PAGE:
Choking: It's in the mind

People: Using athletes, scientists are trying to determine why some fold when times get tough and others shine.

Medicine & Science

April 14, 2003|By David Kohn | David Kohn,SUN STAFF

Steve Reeves knows the feeling well: an inescapable sense that no matter what he does or thinks, the little white ball will not roll where he so desperately wants it to.

"It's very easy to convince yourself that you're going to miss a putt," says Reeves, 44, a former club pro who is now marketing director at River Downs Golf Club in Finksburg. "It's like walking in quicksand. The more you struggle, the deeper you go."

Almost everyone, from Olympic athletes to public speakers, goes through the humbling experience Reeves describes: crumbling under pressure - or, as it's more brutally known, choking.

Reeves battled through his problem by altering his routine, tweaking his stroke and adjusting his mindset. But performing under pressure remains a murky, poorly understood enterprise.

Should you calm yourself down or psych yourself up? Should you focus on the task at hand, or think about something unrelated? Why do some people fall to pieces when the stakes are high, while others function better than ever?

The phenomenon fascinates us - last night alone, millions agonized with Len Mattiace as he botched an approach shot, a chip and a putt to lose the Masters playoff to Mike Weir.

Now, using golfers, goalies, marksmen and other sports figures as guinea pigs, scientists are trying to pinpoint what happens in the brains and bodies of people trying to do their best when the chips are down.

"The knowledge that we get will relate to all those who are performing under pressure, whether they're pilots or golfers or ICU nurses." says Dr. Aynsley Smith, director of Sports Psychology Research at the Mayo Clinic in Rochester, Minn.

Soldiers in combat may eventually benefit, too. Scientists at the Army Research Laboratory at Aberdeen Proving Ground are planning a study that will use a room-size video projection system to replicate the pressure of a firefight.

Smith has studied pressure for 10 years, examining golfers, hockey goalies and musicians. Her findings often contradict the advice coaches offer before a big game.

For example, in eight years of observing high school and minor league goalies, she found that their heart rates often average more than 170 beats a minute - extremely fast, considering that they spend so much time standing relatively still. Although far from calm, most performed well.

"I used to try to teach the goalies to relax," says Smith, who has advised several college and National Hockey League teams. "But it's not about being relaxed. It's about learning to deal with not being relaxed."

Now, instead of telling players to try to calm down, she counsels them to enjoy, or at least accept, the adrenaline rush.

This summer, Smith plans a study of golfers - a putting tournament that pits chokers against nonchokers. During the contest, participants will be hooked to devices measuring brain waves, heart rate and other physiological indicators.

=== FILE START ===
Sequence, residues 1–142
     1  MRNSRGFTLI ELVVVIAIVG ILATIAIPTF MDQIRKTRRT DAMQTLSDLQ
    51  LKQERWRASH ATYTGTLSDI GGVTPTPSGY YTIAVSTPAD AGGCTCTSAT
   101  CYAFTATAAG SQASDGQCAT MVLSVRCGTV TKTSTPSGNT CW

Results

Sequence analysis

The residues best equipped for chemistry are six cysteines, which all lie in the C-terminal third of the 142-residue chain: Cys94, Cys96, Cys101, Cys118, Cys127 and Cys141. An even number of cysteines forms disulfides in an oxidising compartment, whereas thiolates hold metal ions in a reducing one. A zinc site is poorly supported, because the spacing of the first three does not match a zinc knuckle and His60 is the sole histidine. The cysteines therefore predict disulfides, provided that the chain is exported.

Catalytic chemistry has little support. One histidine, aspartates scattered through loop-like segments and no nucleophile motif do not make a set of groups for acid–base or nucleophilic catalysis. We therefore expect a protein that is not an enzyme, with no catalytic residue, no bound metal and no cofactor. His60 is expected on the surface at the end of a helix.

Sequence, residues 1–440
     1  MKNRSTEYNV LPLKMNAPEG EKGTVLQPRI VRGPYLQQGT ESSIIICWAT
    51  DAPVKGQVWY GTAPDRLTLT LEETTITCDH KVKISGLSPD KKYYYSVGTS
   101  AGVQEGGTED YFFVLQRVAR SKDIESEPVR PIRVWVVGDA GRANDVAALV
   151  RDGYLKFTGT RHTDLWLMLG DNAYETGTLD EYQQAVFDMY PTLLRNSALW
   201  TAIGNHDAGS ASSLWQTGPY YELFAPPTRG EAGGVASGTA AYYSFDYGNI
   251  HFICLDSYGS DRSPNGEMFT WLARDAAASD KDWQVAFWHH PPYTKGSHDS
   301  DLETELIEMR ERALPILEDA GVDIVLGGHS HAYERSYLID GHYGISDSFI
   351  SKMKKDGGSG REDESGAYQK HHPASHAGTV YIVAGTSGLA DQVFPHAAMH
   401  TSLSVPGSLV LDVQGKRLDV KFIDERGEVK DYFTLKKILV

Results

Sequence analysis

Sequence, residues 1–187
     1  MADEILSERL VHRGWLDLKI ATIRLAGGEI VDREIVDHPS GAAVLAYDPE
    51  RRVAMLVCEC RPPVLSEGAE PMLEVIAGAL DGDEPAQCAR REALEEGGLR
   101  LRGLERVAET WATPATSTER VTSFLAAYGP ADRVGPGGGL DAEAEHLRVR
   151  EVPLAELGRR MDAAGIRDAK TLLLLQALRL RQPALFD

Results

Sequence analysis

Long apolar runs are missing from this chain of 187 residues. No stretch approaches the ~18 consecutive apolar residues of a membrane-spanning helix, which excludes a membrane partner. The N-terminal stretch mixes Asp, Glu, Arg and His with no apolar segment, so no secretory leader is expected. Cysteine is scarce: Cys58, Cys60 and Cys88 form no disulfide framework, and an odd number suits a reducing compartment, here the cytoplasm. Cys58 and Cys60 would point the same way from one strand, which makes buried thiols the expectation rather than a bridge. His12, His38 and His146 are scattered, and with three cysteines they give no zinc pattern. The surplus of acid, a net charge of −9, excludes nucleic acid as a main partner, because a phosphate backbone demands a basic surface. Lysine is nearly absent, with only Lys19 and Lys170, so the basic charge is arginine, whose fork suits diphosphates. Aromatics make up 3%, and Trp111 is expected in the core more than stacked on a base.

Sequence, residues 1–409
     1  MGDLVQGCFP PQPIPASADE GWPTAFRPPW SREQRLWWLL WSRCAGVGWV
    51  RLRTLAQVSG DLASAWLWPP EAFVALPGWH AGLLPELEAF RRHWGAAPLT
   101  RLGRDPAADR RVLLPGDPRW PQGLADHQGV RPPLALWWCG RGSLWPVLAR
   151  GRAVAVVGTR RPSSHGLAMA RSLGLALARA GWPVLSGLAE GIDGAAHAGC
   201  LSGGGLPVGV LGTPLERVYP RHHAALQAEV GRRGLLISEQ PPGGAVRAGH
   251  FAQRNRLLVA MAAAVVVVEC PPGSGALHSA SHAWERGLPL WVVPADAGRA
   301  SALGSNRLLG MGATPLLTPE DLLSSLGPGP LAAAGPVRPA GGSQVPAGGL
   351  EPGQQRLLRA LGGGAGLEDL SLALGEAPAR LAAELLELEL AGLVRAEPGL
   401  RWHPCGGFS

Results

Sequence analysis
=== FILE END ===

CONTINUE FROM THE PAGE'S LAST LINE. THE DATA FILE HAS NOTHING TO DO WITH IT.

Among the possible subjects is Bob Keller, a retired club pro from Sarasota, Fla. Twenty-five years ago, Keller suddenly found that he couldn't putt without twitching and jerking - or freezing altogether.

On the practice green, he's great, but when he steps onto a regular course, his putting "yips," as the problem is known in golf, return. He has tried everything: oddly shaped clubs, contorted stances, even hypnotism. To no avail.

"My whole body just tightens up," he says. "The putter comes to the ball, and it just stops. It locks up. It's a bad feeling. I guess I'm so scared of missing it that I won't even let it try to miss."

Keller's problem may stem from focusing too much. Some scientists now suspect that success requires concentrating less, not more.

"Pressure prompts you to pay attention to what you're doing," says Michigan State University psychologist Sian Beilock. "For people who are highly skilled, this is a bad idea."

Walking, she says, is a good example: "If you're going down the street and I ask you to pay attention to how you're bending your knee, then you'll probably slow down, or you might stumble."

In a study published in the Journal of Experimental Psychology, Beilock tested this hypothesis by telling a group of golfers that if they didn't make enough putts, their partners would lose prize money they had earned .

Faced with this scenario, most golfers did much worse than they had without the added pressure.

"Peer pressure is always a good stressor," Beilock says with a laugh. But one group did better - those who had undergone a previous training session where they were videotaped. Beilock's theory: The pressure-filled training taught them not to pay extra attention when the stakes increased.

Because the sport is so filled with opportunities to choke, researchers gravitate to golf as a lens into high-stakes behavior.

In one study, Mayo Clinic researcher Debbie Crews used 41 electrodes per golfer to measure brain waves, muscle tension and heart rate. To raise the stakes, each golfer received a finger prick from a small needle every time they missed a putt.

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